Paul Krugman, the “very serious” NYT columnist who once predicted that the internet would become no more significant than the fax machine, used his most recent column to chastise others who refuse to admit their "failed predictions":
Imagine yourself as a regular commentator on public affairs — maybe a paid pundit, maybe a supposed expert in some area, maybe just an opinionated billionaire. You weigh in on a major policy initiative that’s about to happen, making strong predictions of disaster. The Obama stimulus, you declare, will cause soaring interest rates; the Fed’s bond purchases will “debase the dollar” and cause high inflation; the Affordable Care Act will collapse in a vicious circle of declining enrollment and surging costs.What you just read is the written equivalent of a morbidly obese man (who is so grossly overweight, with rolls of fat hanging from out of his too-small clothing, that he is forced to be confined to an electric scooter) rolling around an all-you-can-eat buffet with an overflowing platter of food, and taking enough time to stop to tell an anorexic skeleton eating nothing but a single pea that she should not overeat.
But nothing you predicted actually comes to pass. What do you do?
You might admit that you were wrong, and try to figure out why. But almost nobody does that; we live in an age of unacknowledged error.
Alternatively, you might insist that sinister forces are covering up the grim reality. Quite a few well-known pundits are, or at some point were, “inflation truthers,” claiming that the government is lying about the pace of price increases. There have also been many prominent Obamacare truthers declaring that the White House is cooking the books, that the policies are worthless, and so on.
Finally, there’s a third option: You can pretend that you didn’t make the predictions you did. I see that a lot when it comes to people who issued dire warnings about interest rates and inflation, and now claim that they did no such thing. Where I’m seeing it most, however, is on the health care front. Obamacare is working better than even its supporters expected — but its enemies say that the good news proves nothing, because nobody predicted anything different....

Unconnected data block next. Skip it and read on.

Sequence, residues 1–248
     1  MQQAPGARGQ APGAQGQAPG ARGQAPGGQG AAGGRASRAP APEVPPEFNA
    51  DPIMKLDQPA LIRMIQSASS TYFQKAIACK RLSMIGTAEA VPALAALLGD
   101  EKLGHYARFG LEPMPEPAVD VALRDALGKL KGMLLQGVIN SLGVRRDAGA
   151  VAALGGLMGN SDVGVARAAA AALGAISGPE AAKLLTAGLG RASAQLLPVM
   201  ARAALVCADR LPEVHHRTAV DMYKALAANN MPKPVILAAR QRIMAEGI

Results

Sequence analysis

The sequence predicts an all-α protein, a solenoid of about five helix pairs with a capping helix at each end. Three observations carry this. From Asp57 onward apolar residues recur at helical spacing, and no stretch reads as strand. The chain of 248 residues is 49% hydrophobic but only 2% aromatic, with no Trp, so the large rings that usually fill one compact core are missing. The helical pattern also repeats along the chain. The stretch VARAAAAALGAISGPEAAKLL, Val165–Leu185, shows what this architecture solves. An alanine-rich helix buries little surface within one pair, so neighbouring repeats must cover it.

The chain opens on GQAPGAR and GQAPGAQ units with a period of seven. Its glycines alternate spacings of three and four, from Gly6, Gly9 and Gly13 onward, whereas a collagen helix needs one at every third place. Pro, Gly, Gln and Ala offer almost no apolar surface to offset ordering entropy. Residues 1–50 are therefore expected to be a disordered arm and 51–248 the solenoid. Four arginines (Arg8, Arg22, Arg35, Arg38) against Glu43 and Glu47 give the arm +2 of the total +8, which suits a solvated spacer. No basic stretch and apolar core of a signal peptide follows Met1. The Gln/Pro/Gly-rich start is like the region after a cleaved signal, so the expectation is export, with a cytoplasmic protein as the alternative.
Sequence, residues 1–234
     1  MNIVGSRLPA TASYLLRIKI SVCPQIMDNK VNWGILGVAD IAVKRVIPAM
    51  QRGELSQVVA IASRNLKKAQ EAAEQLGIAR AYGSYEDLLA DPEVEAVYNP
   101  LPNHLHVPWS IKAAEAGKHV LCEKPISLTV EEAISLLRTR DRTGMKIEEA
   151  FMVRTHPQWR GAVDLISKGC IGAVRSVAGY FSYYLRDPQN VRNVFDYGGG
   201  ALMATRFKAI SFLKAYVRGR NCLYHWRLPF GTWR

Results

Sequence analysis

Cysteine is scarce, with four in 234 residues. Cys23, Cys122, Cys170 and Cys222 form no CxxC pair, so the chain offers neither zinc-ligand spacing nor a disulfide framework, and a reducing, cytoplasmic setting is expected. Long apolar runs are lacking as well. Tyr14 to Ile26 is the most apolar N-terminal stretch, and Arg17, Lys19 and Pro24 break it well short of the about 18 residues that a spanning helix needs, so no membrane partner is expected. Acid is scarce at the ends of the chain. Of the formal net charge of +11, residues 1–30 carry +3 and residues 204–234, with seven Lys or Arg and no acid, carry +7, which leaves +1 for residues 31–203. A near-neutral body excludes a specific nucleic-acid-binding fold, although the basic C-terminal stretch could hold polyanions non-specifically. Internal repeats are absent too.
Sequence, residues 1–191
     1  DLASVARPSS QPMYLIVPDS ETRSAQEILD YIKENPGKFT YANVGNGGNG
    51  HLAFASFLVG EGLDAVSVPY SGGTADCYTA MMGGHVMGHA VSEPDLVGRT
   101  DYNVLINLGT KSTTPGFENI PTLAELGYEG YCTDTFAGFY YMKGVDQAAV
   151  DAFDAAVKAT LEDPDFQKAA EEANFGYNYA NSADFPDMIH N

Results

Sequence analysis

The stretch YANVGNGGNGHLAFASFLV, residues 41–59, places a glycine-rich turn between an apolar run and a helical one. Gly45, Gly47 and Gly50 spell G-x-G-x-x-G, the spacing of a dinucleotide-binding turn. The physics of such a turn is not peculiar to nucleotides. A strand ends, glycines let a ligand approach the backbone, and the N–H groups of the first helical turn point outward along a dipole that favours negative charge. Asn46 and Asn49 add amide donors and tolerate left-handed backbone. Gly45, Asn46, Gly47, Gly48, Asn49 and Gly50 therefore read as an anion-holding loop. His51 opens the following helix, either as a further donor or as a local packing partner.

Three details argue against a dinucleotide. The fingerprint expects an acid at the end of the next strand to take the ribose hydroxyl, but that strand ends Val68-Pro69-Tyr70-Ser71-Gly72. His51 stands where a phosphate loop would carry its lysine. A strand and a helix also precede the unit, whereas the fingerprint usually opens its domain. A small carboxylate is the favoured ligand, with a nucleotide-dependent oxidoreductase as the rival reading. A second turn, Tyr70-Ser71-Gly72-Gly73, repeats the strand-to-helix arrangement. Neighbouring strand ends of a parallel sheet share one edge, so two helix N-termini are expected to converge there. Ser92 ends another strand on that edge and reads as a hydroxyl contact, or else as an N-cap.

You see, in a polarized political environment, policy debates always involve more than just the specific issue on the table. They are also clashes of world views. Predictions of debt disaster, a debased dollar, and Obama death spirals reflect the same ideology, and the utter failure of these predictions should inspire major doubts about that ideology.
And there’s also a moral issue involved. Refusing to accept responsibility for past errors is a serious character flaw in one’s private life. It rises to the level of real wrongdoing when policies that affect millions of lives are at stake.
May I remind you that this is the very same Paul Krugman who, following the wake of the dot-com bubble, made the suggestion that the government remedy the situation by “create a housing bubble to replace the Nasdaq bubble.” Do I have to explain how this guy has been literally wrong about everything? I’ve already written a satirical article in which he admits to being a Poe—which I pray every day that he really is!
I wish I could ignore this economic ignoramus. I wish I could brush him off as a nameless blogger on the internet penning dubious economic advice and tinfoil hat conspiracies for a fringe audience. I really wish I could—but I can’t, because he’s not.
Sadly, he’s a “respected” economist. He writes for the New York Times. His column is read by millions and accepted as gospel truth. He’s an economics professor for both Princeton University and the London School of Economics. He’s written economic textbooks that are read by hundreds of college students across the country. He’s won the Nobel Prize in economics—Sweet Celestia, the Nobel “Freaking” Prize!
While this man is being regularly invited onto talk shows and news programs to pontificate his economic “wisdom”, more sensible individuals with economic sense such as Peter Schiff and Tom Woods are confined to the fringe edges of the internet, only to be read and heard by like-minded individuals. In a sane and just world, the reverse would be true; sadly, we don’t live in that sane, just world. We live in an Idiocracy where an economic quack like Krugman argues that crops should be watered with Brando while laughing off more sensible people as those who want to grow plants from toilets.